October 29, 2020
My Son's Feeding Therapy Journey
Pursuing My Goal to be a Pharmacist After Transplant
In the past couple of years that I've been on Instagram, I've seen a lot of posts about cystic fibrosis and how everyone deals with it on a daily basis. I was a very healthy child and teenager. Back then, we didn't have social media. I only ever knew
one other child with cystic fibrosis and that was in preschool. So, for the past 25-30 years, I didn't know anything about how other people lived with this disease. I figured most were healthy just like me. I played sports year-round from about age
3 through 18. I've always been able to go to the gym and exercise a few times a week. Sure, I've had some hiccups with my lungs, but nothing major. I've had somewhere
between 13-15 sinus polyp surgeries (I lost track after a while!). My problems with CF are my sinuses and my intestines. I've had a few intestinal
blockages as well and -- let me tell you -- they're awful. But on the bright side, my lungs have always been pretty clear.
Upon seeing so many posts from CFers in the hospital, hooked up to tubes, taking 100 pills a day, it made me sad. I had no idea so many were suffering because I never have. It broke my heart. For new parents who search on social media about CF, I am sure
you have become scared. No one ever wants to see their child like that.
But, always worrying about CF is just not my style. Sure, I've been lucky. I get that; trust me. But, I feel that new parents need to see the flip side as well.
Not every child born with CF will have tubes and needles in them 24/7. Not every child will need a feeding tube.
Not every child will need a lung transplant or have to live in the hospital. Yes, there are those who will, and it's important to always be honest with yourself.
The biggest takeaway about this blog post should be this: Everyone with CF is different, but we're all the same. What's abnormal to someone without CF is just a normal day for those of us with CF.
CFers don't know any other way than to fight and then move on with their day.
The best part is that even if your child has difficulties with this disease, every single CFer that I've ever known or seen has been a fighter. It's in our blood, like it or not. We don't give up. We don't stay down. We get mad at CF, and we get back
up. If it knocks us down again, we get up again. We don't know any other way. As Captain America says every time he gets knocked down, “I can do this all day.”
I've held a job in one form or another since I was 13. I was able to go to college; I got married to the most wonderful person on the planet, and we bought a house. I am doing everything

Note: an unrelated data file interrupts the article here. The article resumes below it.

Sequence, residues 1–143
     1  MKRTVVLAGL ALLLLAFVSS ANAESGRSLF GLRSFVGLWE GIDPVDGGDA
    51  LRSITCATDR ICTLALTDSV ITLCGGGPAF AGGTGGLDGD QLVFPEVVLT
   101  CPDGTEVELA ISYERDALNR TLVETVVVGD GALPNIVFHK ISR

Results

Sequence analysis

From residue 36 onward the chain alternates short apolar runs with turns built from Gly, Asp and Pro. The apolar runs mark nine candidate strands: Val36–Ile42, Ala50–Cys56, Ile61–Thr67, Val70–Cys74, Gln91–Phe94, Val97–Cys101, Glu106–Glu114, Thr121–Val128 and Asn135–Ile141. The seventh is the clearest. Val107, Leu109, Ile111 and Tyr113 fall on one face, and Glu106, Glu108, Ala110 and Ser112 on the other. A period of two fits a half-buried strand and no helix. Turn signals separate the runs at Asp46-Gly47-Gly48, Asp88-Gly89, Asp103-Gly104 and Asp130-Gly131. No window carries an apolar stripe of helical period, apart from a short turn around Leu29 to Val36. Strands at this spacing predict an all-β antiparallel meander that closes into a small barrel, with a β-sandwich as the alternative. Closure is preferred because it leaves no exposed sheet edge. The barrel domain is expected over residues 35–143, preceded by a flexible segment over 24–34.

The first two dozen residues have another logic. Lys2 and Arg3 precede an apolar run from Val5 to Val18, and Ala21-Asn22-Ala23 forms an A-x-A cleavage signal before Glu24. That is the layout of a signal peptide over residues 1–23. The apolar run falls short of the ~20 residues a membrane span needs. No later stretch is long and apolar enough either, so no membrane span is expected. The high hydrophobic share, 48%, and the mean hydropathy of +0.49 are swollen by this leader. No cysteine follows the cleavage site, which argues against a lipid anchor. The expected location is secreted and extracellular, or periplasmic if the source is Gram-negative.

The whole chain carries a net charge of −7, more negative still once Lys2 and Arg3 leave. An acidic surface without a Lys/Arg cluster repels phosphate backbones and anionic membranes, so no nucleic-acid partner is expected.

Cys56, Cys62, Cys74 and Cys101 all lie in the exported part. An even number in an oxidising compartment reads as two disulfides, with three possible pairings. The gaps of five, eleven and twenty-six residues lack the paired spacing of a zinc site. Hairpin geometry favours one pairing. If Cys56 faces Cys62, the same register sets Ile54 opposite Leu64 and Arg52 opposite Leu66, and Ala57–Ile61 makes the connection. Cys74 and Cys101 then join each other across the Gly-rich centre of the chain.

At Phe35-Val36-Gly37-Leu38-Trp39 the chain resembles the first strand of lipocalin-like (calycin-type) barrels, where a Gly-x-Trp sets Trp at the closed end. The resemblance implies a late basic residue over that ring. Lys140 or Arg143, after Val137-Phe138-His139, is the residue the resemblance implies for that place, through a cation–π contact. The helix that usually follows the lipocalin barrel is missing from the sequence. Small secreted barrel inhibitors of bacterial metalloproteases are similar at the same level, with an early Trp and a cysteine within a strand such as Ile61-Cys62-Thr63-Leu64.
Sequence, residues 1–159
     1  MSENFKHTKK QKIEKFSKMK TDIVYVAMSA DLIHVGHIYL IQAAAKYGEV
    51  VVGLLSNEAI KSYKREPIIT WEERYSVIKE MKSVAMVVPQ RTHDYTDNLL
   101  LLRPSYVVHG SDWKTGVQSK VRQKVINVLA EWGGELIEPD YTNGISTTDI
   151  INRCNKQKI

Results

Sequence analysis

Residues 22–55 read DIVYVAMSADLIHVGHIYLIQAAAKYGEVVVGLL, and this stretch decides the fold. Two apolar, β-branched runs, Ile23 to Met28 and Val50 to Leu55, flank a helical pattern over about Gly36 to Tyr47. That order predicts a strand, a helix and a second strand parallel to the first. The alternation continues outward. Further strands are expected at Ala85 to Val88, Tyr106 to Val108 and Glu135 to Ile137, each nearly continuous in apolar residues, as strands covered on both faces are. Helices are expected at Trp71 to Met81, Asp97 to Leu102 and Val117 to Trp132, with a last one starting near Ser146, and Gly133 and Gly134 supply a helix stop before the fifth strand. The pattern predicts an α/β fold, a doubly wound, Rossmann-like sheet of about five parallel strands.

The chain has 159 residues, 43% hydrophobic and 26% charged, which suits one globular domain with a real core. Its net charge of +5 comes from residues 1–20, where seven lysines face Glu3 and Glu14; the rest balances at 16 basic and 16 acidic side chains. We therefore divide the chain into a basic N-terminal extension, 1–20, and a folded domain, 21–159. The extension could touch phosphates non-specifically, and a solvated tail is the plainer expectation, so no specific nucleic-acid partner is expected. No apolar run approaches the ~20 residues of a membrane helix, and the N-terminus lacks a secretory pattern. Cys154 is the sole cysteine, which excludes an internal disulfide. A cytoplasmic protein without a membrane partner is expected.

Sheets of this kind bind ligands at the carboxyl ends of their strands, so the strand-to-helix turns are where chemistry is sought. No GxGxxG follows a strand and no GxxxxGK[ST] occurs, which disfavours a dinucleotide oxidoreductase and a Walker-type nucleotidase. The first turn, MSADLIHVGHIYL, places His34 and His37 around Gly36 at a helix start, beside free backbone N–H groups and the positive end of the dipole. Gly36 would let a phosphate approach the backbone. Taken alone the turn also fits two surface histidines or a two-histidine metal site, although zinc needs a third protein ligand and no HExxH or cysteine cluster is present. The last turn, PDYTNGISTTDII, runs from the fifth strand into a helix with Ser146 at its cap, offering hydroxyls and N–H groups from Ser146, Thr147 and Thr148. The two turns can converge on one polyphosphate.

that a person without CF would do, and I've done it all with CF.
The best part about being a new parent to a child with CF is the introduction of Trikafta®. This medication has changed CF and has made miracles possible. Hopefully
soon, we will see a world where CF children may never know what the inside of a hospital room even looks like. Medicine has advanced to the point where significant improvements to daily life are possible, and as a new parent I would be so excited.
Always focus on the positive. Yes, the negative thoughts will happen. We are only human, after all. But there is so much to be grateful for, and I hope you see my story as a source of inspiration. Cfers don't want pity. We don't want to feel different
because we aren't. We're just a little wheezy. I am going to be 33 years old next month, and my life is just starting. I can't wait until your children are able to say the same. Peace and love to you all. Take care.
Interested in sharing your story? The CF Community Blog wants to hear from you.
Adult with CF
I am 32 years old and live with my wife and two rescue dogs, Annie and Sawyer. I grew up in beautiful Saratoga Springs, N.Y., and I love to play guitar, relax outdoors, and watch movies and baseball (Go Yankees!). My wife and I love live music and every
year we see numerous concerts at Saratoga Performing Arts Center. You can find me on Facebook or search my Instagram.
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This site contains general information about cystic fibrosis, as well as personal insight from the CF community. Opinions and experiences shared by members of our community, including but not limited to people with CF and their families, belong solely to the blog post author and do not represent those of the Cystic Fibrosis Foundation, unless explicitly stated. In addition, the site is not intended as a substitute for treatment advice from a medical professional. Consult your doctor before making any changes to your treatment.